Small communities are the backbone of West Virginia.
In tough economic times, their health and well-being is essential to our state.
Rather than sit back and let the times dictate their outcome, several towns in our region are taking it upon themselves to ensure that they’re not only ready for the future, but they’re planning for it.
Sophia, Hinton, Richwood, Marlinton, Princeton and Bluefield were each represented at a Blueprint Communities workshop last week at Tamarack.
It was the latest in several meetings aimed to enable and educate these important communities that play key roles in Raleigh, Summers, Nicholas, Pocahontas and Mercer counties.
The meeting was part of a 10-month program facilitated by The Hub, a statewide, nonprofit organization that focuses on helping communities improve in areas of finance, quality of life, civic engagement and social engagement. The initiative was launched in West Virginia in 2007.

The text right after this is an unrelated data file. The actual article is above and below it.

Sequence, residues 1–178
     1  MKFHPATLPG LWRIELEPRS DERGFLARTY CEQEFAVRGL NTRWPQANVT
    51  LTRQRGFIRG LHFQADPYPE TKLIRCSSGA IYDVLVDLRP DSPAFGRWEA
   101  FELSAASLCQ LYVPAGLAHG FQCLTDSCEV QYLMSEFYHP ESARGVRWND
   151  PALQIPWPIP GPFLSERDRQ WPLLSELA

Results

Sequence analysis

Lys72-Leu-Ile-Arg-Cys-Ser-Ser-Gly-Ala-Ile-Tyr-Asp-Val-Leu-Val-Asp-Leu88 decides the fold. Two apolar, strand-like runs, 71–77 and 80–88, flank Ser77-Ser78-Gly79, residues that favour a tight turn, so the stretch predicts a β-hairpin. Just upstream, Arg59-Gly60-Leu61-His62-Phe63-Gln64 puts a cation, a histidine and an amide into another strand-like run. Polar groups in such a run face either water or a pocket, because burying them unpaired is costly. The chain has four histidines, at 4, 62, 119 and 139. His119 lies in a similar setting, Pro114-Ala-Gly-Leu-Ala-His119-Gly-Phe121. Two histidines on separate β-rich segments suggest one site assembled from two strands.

Many of the Blueprint Communities goals seem to be on their way to being met.
Strong local leadership is being built, and collaborations are being organized.
We salute the people from our region who have invested their time, energy and talent to help make a difference in their towns.
We believe that through such efforts, small towns can realize revitalization and even new developments.
It takes a team effort, and that approach will serve the participating communities very well going forward.
In any development, a plan is crucial.
This seems to be a blueprint for success.